I use approximately, 1/4 of each item. The rest is sorted between the metal recycling barrel and the rest is taken to the dumpster. We got thru 2 printers, 2 PCs, a scanner, video camera, stereo, fan, some old MIT equipment and a bunch of stepper motors. The best item of the day in my opinion were 4 copper colored “men” I found under the push buttons of the fan.
Taking things apart is really fun and a good way to release pent up energy, so much so that a new title has been suggested for this activity FSU or F.Stuff .Up. Hope you can make it to the next one!
This wonderful interview posted by Melissa Massello February 17, 2013 in DIY Boston.com Unfortunately the Arts at the Armory did not promote the class. They said they would do so for April vacation week, but so far I have seen nothing. Things are not looking good for the leadership of the Armory. Events keep happening there but I dont think there is a strong, united organization supporting the place, which is too bad.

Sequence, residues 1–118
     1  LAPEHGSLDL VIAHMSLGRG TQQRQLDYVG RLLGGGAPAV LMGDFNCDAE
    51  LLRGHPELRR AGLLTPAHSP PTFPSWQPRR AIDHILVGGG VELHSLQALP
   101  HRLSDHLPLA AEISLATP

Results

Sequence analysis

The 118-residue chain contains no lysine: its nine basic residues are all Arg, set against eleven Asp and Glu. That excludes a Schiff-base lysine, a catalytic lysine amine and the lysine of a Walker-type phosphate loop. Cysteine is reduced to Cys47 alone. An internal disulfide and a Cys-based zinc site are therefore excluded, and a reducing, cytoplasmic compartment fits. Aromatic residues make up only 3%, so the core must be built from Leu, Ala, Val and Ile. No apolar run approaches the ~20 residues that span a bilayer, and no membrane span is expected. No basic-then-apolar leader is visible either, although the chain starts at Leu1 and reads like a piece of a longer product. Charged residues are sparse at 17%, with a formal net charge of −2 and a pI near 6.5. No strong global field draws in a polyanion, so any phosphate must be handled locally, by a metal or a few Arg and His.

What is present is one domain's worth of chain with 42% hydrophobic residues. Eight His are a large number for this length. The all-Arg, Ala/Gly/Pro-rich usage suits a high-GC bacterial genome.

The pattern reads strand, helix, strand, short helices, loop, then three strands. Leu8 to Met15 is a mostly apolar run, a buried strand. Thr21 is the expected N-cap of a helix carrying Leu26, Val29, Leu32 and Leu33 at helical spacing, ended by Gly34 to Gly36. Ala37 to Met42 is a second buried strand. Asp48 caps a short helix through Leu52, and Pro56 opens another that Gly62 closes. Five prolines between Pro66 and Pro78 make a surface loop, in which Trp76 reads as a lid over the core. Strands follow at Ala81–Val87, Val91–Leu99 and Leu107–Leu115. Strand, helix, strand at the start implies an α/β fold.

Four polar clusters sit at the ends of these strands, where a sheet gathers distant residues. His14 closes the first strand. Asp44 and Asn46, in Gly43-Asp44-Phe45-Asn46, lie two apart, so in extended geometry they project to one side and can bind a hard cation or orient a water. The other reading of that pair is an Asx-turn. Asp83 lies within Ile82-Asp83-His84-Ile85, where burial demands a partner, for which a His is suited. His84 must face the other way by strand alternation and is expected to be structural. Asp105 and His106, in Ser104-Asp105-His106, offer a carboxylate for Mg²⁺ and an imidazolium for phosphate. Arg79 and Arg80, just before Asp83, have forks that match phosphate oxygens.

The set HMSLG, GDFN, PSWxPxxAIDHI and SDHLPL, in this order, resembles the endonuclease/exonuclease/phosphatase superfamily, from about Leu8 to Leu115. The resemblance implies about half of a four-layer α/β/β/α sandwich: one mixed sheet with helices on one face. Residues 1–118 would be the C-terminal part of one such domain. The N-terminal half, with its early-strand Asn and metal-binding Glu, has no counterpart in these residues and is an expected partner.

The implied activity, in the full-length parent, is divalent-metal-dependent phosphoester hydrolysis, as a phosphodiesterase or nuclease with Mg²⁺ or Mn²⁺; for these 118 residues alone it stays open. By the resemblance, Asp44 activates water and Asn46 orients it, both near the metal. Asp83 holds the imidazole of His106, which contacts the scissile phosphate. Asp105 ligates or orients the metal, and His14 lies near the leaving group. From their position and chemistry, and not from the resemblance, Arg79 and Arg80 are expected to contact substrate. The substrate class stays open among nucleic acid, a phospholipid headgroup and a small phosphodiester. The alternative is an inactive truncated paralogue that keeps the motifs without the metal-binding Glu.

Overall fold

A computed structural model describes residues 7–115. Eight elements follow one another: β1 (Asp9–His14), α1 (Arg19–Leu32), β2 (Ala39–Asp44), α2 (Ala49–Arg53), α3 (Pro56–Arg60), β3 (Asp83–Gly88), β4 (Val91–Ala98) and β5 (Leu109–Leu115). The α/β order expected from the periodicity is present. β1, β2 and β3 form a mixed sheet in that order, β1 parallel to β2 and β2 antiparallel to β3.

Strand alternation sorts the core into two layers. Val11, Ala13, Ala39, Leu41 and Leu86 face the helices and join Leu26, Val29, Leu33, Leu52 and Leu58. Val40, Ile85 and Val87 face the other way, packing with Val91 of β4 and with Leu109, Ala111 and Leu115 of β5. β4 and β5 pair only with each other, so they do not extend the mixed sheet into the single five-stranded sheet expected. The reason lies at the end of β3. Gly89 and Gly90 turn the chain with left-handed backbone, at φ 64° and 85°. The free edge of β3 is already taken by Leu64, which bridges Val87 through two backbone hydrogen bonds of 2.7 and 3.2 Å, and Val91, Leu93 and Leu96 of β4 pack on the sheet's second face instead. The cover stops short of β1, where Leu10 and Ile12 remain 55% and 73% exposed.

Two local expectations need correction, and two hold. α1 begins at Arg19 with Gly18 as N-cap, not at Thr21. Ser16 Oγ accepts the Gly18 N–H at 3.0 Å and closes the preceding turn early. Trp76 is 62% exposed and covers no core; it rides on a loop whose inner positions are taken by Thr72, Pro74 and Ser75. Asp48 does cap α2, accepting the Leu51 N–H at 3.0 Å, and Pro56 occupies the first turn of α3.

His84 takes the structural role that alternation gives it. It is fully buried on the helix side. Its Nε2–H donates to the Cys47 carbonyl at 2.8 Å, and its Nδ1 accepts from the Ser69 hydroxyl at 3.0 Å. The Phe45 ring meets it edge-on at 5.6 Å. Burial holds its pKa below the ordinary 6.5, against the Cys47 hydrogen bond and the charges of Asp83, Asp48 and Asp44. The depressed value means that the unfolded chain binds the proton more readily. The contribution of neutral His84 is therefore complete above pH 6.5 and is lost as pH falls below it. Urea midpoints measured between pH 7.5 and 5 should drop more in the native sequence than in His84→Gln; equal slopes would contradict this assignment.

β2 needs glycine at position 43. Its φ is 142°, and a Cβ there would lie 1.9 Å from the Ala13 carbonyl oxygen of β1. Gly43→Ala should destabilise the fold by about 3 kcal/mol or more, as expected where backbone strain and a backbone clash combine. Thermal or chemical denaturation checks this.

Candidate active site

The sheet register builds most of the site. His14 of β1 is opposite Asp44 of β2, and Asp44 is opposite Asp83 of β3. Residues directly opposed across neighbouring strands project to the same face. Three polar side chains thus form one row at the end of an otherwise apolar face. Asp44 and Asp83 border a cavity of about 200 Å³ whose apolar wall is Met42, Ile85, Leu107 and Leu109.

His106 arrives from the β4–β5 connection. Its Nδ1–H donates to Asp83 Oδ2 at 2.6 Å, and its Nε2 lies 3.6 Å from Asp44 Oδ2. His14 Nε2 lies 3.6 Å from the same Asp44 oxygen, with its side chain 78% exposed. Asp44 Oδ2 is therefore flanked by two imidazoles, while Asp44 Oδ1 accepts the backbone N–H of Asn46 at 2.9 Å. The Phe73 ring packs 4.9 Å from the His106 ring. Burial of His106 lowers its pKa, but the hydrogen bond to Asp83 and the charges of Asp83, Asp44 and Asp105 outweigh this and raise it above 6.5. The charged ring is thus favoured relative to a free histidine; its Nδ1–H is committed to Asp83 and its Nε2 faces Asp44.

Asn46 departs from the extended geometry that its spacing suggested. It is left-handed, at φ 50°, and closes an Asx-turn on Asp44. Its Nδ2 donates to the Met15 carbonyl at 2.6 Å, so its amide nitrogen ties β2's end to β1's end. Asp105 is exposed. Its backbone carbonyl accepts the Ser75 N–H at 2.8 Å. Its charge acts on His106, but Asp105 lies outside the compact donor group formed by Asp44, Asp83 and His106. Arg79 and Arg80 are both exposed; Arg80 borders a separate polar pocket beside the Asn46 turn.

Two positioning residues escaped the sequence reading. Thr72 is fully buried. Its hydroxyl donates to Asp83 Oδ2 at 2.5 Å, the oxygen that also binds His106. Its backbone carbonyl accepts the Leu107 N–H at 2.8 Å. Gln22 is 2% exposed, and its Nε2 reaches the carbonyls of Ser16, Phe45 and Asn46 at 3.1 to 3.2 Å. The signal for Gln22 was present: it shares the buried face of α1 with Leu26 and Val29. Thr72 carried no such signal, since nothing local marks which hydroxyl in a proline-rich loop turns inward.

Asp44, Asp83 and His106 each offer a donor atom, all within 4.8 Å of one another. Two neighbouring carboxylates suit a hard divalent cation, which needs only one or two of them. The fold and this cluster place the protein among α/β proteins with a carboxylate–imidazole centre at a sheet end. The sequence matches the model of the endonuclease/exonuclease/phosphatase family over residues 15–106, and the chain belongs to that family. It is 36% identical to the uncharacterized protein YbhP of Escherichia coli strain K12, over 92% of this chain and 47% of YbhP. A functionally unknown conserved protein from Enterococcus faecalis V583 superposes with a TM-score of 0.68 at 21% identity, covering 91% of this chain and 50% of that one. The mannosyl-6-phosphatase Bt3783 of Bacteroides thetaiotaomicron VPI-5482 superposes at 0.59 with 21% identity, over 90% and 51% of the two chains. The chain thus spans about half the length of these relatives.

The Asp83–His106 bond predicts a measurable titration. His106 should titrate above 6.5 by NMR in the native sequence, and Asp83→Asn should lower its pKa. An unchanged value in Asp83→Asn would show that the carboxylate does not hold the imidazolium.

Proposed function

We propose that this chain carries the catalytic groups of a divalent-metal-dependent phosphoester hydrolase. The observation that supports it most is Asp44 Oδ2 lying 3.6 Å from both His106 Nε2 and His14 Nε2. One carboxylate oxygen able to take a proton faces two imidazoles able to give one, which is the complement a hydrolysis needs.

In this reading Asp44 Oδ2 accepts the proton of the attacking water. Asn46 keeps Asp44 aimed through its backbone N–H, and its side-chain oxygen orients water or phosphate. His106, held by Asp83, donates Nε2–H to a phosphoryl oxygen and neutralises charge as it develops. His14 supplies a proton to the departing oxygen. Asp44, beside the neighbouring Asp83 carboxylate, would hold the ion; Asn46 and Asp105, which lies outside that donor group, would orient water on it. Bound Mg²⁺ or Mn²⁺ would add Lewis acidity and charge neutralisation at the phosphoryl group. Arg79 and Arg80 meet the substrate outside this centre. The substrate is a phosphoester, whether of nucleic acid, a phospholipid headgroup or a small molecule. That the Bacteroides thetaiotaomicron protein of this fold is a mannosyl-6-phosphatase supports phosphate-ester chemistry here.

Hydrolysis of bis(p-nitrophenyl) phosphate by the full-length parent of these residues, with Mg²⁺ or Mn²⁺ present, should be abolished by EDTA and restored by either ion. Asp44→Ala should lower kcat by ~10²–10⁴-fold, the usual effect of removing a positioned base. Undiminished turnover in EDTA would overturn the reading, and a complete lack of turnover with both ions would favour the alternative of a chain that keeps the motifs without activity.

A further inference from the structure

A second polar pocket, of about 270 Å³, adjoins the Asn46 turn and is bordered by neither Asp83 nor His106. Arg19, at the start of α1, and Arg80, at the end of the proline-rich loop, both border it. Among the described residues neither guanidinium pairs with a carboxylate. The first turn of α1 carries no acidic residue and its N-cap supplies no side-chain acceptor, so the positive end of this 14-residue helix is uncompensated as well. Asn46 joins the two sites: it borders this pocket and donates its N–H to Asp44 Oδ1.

Photo: Keith Simmons
A finished “hacker junk” mosaic by artist/arts educator Melissa Glick.
If this winter has your kids climbing the walls and you’re looking to direct their energy into more creative pursuits, send them over to the Arts at the Armory in Somerville this week, where they’ll learn to design various art projects from discarded computer parts and other e-waste in daily “Hacker Junk” classes.
The series of classes, which start tomorrow in two sessions — one for 8 to 12 year olds (three classes) and one for 13 to 18 year olds (four classes) — are taught by Melissa Glick, a local arts educator who began making art from mechanical trash growing up as the child of a Raytheon employee.